HOW DO YOU EAT AN ELEPHANT?

 Practicing  tapas  helps you create healthy habits.

Practicing tapas helps you create healthy habits.

Seven minutes and thirty seconds.

During his talk at the Southwest Institute for Healing Arts in May, master yogi Mark Whitwell asked us to commit. Do a simple, short yoga flow routine every single day for three months, he said. “If you give it seven minutes a day actually, naturally and not obsessively, I promise it will change your life.” As we drove home from the event that Tuesday night, Jamie and I agreed we both would do it.

For years, I’ve wanted to establish a committed, daily physical yoga practice. Don’t get me wrong. I practice frequently and have for many years. But when it came to a daily home practice, the Terrible Triplets — laziness, procrastination, and rationalization — had a powerful pull.  I’d wake up with the kind of intention the devil loves to pave with, and the Triplet’s mellifluous voices would sing out a sweet persuasion. “Look at your calendar! The To-Do list! What a busy woman you are. Practicing right now will take too long. You can do it later. Tonight. Tomorrow!”

Seven minutes and thirty seconds a day seemed manageable, and would be a perfect precursor to my meditation practice. Honoring my commitment to Mark Whitwell would unplug me from the power of the Terrible Triplets and give me a double-dip return — enhancing my asana routine and the opportunity to practice tapas.

In Sanskrit, tapas translates as heat. It is the practice of discipline or zeal. For the things i like and need to do anyway, such as working, writing, and reading, tapas comes easier. In other areas of my life, lack of tapas creates self-imposed barriers to personal growth and developing good habits.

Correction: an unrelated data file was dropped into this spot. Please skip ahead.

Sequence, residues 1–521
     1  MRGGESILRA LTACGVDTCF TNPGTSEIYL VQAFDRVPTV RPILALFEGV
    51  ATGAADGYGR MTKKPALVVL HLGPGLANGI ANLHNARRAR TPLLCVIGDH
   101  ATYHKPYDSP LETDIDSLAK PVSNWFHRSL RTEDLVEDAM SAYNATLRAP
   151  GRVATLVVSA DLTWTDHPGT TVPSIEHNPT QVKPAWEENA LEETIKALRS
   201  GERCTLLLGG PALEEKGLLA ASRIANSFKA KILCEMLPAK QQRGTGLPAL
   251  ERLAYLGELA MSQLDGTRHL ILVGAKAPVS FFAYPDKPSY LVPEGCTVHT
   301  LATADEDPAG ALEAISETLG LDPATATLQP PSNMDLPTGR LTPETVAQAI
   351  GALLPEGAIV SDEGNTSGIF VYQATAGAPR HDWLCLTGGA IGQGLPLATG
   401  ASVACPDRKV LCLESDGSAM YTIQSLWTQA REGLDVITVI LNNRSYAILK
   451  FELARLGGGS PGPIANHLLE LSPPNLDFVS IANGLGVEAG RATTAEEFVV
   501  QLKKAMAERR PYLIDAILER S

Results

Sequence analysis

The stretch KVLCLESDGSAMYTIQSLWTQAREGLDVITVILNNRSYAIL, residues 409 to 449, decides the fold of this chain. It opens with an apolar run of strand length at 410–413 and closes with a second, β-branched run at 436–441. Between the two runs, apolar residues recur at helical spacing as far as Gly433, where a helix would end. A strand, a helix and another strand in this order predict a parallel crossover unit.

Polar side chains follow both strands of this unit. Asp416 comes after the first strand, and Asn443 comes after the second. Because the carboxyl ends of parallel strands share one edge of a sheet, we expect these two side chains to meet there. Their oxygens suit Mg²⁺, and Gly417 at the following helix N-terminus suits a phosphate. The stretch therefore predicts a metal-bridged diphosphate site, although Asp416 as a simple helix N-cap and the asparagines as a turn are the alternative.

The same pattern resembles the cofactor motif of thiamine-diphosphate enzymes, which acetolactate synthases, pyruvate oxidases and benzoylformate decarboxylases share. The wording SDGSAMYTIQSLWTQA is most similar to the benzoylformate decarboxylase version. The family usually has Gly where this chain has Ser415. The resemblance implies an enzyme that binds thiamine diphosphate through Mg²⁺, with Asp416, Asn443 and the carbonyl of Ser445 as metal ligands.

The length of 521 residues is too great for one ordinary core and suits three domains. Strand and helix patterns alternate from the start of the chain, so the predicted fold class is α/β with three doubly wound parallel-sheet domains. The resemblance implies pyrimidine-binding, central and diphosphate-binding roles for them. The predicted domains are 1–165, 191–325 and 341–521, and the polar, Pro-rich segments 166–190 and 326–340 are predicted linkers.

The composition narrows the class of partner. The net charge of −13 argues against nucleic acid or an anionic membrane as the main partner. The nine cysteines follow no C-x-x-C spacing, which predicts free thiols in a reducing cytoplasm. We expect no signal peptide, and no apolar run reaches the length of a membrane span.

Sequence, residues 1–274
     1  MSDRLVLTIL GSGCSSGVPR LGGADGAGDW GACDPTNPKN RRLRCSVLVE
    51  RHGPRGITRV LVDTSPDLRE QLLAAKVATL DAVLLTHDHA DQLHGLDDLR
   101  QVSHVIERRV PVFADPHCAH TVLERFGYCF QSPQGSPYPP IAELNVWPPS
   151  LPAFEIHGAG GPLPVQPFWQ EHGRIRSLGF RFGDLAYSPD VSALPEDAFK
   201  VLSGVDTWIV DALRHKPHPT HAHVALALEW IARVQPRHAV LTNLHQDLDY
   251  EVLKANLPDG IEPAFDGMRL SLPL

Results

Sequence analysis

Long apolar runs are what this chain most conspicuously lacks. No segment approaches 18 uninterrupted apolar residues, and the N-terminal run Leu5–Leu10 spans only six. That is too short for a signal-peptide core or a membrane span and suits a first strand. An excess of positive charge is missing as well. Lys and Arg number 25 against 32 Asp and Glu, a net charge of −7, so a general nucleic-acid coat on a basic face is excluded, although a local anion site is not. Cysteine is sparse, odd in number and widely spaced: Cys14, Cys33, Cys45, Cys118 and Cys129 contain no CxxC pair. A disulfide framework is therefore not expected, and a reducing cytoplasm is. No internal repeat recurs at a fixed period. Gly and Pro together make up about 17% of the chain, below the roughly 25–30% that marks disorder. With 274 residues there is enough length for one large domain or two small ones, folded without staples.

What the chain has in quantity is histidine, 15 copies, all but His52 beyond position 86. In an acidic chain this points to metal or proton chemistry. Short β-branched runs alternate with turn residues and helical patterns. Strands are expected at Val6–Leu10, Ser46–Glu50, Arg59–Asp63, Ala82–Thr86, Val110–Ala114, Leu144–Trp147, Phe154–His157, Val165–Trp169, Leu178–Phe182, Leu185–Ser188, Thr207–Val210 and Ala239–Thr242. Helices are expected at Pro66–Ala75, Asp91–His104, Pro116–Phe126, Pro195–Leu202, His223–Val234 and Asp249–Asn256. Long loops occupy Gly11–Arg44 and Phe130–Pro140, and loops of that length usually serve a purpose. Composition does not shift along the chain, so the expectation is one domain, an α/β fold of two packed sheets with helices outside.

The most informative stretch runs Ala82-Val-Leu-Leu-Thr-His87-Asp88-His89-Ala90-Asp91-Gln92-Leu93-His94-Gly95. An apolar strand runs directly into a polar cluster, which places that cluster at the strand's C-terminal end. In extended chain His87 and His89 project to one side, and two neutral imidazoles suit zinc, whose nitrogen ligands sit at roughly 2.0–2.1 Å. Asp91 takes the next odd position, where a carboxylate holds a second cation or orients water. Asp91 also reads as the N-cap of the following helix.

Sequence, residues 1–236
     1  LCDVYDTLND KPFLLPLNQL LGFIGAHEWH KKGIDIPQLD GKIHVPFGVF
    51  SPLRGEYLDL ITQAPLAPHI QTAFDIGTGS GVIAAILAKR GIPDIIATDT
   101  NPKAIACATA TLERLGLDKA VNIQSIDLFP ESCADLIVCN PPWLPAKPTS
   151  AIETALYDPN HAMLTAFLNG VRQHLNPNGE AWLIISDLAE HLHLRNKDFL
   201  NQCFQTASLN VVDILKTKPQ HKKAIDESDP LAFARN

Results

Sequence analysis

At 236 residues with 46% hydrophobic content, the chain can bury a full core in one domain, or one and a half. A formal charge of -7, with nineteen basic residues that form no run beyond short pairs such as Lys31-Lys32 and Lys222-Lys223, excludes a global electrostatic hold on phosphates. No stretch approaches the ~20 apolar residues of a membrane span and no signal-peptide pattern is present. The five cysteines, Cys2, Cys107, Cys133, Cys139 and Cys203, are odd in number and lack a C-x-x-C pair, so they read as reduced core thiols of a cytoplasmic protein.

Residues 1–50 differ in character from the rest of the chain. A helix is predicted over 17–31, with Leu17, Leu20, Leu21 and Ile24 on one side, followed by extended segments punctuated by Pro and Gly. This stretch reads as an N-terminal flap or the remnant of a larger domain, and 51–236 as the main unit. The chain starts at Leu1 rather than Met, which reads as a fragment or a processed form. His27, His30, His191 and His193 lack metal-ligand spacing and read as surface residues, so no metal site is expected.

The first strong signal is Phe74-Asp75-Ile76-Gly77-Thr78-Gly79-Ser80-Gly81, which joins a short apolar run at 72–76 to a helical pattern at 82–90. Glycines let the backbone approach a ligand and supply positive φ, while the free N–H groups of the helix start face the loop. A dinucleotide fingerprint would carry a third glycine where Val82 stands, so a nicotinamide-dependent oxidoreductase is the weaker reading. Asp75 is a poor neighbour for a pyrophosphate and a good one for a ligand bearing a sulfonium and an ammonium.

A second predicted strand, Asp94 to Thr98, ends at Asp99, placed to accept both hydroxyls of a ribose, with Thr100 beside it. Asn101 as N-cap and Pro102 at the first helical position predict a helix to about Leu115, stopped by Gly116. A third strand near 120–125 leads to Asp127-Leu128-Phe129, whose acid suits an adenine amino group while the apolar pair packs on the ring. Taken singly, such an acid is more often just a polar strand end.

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My daily 7.5 minutes is reminding me that “tapas is as tapas does.”  It requires getting past the discomfort caused by friction created by  “going against the grain” of my tendencies to succumb to procrastination and rationalization. This friction generates the heat of tapas, burning off habits that don’t serve you. The heat generates strength and stability, and the Terrible Triplets wither in the face of such fire.

Since Mark’s talk, we have practiced every day for more than two months, except for a couple of days lost to travel and illness. Now when I get on the mat, the seven minutes and 30 seconds often expands. Seduced by the meditative rhythm of breath connected to movement, I find myself adding a few lateral stretches here, a balancing pose or some extra twists there — whatever my body is calling for. I get lost in the ocean sounds of my breath, the delicious dance of muscle and bone. Meditation flows  naturally at the end of my practice. When I open my eyes, 20 or 30 minutes have passed. This makes me smile.

Fueled by tapas, I am eating an elephant — one bite at a time. Take that, Terrible Triplets.